U.S. Rolls Out New Food Safety Rules Amid Egg Recall

New federal safety rules for egg production are aimed at preventing the type of salmonella outbreak that federal authorities are now investigating, as another company recalled eggs on Sunday night.

Until recently, the authority to inspect facilities where eggs are processed had been the responsibility of the U.S. Department of Agriculture. The Food and Drug Administration had previously focused on eggs after they left those facilities. Under new rules starting July 9, the FDA and the USDA began to share responsibility to inspect egg manufacturers.

The new rules, had they been in place before July 9, "could have prevented" the outbreak, Sherri McGarry, emergency coordinator for the FDA's Center for Food Safety and Applied Nutrition, said in a conference call last week. Ms. McGarry said the FDA had not investigated Wright County Egg, the producer at the center of the FDA's investigation, because it didn't have authority to inspect farms until July 9.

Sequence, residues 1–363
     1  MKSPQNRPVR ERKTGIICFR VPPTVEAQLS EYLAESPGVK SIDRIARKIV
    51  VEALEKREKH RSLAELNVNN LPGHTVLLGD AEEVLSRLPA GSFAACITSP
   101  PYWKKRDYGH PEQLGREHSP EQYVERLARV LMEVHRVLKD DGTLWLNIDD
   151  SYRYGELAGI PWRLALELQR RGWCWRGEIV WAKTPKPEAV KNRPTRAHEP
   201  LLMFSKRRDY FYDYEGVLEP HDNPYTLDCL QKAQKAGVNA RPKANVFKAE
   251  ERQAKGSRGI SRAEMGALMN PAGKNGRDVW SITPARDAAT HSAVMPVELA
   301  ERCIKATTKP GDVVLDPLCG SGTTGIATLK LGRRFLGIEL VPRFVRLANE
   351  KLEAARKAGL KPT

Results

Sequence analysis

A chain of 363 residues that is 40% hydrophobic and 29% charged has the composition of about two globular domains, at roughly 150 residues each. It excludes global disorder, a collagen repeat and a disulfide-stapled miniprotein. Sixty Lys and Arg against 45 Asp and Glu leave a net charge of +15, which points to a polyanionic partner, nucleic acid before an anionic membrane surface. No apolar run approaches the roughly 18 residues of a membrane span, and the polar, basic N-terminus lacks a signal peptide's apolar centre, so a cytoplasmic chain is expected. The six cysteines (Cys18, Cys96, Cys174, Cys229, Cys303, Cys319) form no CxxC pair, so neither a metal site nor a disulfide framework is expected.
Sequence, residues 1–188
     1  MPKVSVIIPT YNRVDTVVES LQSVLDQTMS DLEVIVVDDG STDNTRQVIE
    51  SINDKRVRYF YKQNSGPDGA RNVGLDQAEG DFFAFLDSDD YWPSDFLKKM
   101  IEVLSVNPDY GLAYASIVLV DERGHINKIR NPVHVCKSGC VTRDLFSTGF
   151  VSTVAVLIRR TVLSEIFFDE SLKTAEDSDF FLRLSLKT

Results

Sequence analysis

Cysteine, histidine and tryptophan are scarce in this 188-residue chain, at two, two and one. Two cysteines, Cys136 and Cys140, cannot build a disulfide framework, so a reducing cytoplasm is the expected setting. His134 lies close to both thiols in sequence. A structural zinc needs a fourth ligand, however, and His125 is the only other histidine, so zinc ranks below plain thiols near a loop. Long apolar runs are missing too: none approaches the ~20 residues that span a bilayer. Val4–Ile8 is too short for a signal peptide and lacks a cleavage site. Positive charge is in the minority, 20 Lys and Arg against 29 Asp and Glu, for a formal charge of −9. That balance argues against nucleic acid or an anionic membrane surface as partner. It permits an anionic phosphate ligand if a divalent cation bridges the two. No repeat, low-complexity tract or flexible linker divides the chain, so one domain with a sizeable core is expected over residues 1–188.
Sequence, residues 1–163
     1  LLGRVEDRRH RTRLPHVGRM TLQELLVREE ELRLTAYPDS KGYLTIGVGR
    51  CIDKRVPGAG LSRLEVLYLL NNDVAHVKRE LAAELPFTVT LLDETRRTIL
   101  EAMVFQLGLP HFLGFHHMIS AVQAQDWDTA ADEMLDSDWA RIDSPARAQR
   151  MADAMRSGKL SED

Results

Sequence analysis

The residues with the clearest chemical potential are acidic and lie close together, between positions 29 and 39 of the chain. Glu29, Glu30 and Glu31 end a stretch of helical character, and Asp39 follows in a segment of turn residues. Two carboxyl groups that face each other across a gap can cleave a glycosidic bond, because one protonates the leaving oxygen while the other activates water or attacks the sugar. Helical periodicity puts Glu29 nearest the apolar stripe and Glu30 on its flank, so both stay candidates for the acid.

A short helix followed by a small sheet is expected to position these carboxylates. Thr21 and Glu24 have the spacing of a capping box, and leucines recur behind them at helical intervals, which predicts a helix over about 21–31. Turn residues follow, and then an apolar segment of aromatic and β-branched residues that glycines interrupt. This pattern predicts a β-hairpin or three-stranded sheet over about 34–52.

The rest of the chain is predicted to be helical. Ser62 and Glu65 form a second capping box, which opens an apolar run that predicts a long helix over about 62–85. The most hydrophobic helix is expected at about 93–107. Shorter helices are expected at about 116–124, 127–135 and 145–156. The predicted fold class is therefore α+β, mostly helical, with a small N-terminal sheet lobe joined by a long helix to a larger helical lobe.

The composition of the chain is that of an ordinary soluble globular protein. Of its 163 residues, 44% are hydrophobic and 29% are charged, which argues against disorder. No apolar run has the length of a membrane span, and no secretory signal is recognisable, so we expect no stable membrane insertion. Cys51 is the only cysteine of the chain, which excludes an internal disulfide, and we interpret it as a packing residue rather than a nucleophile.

Attempts to reach the USDA for comment Sunday were unsuccessful.

"This is sort of the classic example of where the USDA and FDA jurisdiction overlaps," said Bill Marler, a lawyer from Seattle who frequently represents plaintiffs in food-safety cases and who is representing dozens of people who say they got sick from the recalled eggs. "The USDA is chickens and the chicken house, and the FDA is in charge of the eggs when they come out and the feed that comes in."

Cases of salmonella were reported as early as May. In all, more than half a billion eggs from two Iowa producers have been recalled, the most recently on Sunday night when Moark LLC of Fontana, Calif., said it was recalling nearly 300,000 eggs, the Associated Press reported, that came from one of the two Iowa farms.

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